The oldest commissioned warship afloat is the USS Constitution, which played a crucial role in the Barbary Wars and the War of 1812. She actively defended sea lanes from 1797 to 1855.
When reading USS Constitution‘s early log books or journals, December 25th, as the Christmas holiday, frequently goes unremarked upon. In 1798, for instance, December 25th seems to have passed as just another day with the crew of Constitution loading supplies in Boston and getting the ship ready for her next deployment to the Caribbean Sea for the Quasi-War with France.
The first Christmas of the War of 1812 found Captain William Bainbridge in command of the recently nicknamed “Old Ironsides”. The ship was cruising for prize vessels around the time of the holiday. On December 29, 1812, Bainbridge and his crew received a “gift” of the season – a Royal Navy frigate. The nearly three hour battle with HMS Java proved costly for both sides. But Bainbridge, who had previously lost two U.S. Navy warships – to the French in the Quasi-War and infamously USS Philadelphia to the Tripolitans in the Barbary War – emerged triumphant and reaffirmed the success of USS Constitution and her crew.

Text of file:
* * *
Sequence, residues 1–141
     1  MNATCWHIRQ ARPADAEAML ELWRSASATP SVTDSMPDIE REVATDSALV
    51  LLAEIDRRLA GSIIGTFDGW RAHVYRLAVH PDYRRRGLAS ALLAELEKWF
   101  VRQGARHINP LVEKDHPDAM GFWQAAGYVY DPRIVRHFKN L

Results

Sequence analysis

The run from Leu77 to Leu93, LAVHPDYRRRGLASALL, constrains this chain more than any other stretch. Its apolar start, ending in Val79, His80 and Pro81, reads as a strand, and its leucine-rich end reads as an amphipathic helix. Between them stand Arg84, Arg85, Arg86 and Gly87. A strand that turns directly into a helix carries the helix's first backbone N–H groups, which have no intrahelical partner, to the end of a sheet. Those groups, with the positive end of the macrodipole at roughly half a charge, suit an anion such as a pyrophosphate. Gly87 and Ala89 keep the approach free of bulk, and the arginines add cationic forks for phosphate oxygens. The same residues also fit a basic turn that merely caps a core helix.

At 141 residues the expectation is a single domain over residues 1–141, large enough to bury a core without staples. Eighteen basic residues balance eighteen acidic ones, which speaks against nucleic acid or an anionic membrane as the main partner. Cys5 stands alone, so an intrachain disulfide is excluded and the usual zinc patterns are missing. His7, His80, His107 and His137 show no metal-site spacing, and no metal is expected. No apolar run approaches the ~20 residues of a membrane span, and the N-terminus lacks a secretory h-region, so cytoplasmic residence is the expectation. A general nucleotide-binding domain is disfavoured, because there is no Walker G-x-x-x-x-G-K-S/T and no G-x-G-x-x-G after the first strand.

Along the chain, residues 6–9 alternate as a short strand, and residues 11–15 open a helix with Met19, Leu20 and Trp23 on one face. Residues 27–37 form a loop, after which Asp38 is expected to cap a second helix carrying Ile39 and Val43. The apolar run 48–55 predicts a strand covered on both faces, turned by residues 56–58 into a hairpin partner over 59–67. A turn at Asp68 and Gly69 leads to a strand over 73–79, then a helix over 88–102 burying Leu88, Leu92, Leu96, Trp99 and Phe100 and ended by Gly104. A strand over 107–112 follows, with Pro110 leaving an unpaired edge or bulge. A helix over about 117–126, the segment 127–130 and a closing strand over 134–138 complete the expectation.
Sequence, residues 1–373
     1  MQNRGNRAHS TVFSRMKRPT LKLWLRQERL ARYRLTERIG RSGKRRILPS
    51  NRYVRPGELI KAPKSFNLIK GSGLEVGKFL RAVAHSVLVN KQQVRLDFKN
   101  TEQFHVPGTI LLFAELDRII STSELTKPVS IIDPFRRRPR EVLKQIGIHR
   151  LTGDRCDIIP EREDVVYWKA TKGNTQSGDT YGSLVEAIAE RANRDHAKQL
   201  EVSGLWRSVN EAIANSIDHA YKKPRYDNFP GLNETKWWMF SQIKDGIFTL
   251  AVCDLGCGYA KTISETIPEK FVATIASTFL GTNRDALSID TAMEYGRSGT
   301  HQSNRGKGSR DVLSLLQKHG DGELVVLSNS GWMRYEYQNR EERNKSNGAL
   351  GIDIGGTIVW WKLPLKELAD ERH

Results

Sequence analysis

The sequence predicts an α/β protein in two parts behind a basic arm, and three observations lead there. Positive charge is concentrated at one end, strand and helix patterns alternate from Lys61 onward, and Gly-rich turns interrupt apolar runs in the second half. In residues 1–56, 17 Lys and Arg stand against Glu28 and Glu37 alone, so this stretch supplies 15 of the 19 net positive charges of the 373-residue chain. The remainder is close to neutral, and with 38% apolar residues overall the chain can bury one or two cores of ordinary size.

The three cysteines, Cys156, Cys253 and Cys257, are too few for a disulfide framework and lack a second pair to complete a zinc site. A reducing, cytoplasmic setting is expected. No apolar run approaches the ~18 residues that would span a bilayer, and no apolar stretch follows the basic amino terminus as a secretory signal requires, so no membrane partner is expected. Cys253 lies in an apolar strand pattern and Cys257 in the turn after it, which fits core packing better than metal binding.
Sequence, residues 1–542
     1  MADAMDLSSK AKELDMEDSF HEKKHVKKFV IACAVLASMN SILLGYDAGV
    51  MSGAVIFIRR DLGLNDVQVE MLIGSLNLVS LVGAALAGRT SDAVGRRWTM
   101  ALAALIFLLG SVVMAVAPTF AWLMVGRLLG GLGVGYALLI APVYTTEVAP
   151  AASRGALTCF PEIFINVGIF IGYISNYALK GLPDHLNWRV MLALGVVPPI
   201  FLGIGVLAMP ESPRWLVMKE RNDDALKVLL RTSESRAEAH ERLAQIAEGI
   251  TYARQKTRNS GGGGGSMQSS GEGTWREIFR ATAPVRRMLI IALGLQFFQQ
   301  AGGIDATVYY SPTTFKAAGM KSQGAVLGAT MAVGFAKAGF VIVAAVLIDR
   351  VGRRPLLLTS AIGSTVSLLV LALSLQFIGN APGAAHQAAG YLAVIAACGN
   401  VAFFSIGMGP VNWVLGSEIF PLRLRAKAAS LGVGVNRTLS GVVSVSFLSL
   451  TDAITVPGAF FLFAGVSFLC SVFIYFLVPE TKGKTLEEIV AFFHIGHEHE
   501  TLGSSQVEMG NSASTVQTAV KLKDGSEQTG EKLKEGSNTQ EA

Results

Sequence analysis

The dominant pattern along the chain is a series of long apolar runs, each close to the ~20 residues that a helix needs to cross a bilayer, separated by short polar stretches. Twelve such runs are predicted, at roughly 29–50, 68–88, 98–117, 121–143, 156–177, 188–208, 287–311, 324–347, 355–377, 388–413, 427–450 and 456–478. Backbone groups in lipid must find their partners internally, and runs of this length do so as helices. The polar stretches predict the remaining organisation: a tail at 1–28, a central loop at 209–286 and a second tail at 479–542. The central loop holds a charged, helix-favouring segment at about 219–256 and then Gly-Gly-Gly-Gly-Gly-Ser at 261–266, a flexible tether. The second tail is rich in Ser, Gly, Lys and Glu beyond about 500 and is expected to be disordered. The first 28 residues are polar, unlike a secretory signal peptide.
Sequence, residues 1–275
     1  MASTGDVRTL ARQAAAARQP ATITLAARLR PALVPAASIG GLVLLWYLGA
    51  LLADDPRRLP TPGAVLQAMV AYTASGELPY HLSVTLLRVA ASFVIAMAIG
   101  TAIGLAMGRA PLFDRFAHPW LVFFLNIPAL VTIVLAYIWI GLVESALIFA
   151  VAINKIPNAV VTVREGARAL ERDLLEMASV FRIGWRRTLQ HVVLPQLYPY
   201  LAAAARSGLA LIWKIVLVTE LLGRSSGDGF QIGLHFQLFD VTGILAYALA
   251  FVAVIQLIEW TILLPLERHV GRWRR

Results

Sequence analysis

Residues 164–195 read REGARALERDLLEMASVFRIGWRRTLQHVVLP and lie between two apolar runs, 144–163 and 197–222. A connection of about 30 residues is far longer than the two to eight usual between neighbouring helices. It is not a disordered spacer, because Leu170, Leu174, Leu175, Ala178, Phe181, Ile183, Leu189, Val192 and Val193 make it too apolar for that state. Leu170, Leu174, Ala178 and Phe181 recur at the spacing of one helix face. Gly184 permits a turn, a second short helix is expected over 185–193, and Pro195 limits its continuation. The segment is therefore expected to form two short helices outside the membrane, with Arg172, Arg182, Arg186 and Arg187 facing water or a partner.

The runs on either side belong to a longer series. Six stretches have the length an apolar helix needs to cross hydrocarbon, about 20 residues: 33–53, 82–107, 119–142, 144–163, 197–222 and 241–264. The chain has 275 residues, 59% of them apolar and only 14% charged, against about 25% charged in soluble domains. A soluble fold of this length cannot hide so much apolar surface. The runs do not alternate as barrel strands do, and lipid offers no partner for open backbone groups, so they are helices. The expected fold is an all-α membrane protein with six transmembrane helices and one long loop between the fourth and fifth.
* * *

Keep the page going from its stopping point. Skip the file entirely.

During normal operations, the active-duty Sailors stationed aboard USS Constitution provide free tours and offer public visitation to more than 600,000 people a year as they support the ship’s mission of promoting the Navy’s history and maritime heritage and raising awareness of the importance of a sustained naval presence.
USS Constitution was undefeated in battle and destroyed or captured 33 opponents. The ship earned the nickname of Old Ironsides during the war of 1812 when British cannonballs were seen bouncing off the ship’s wooden hull.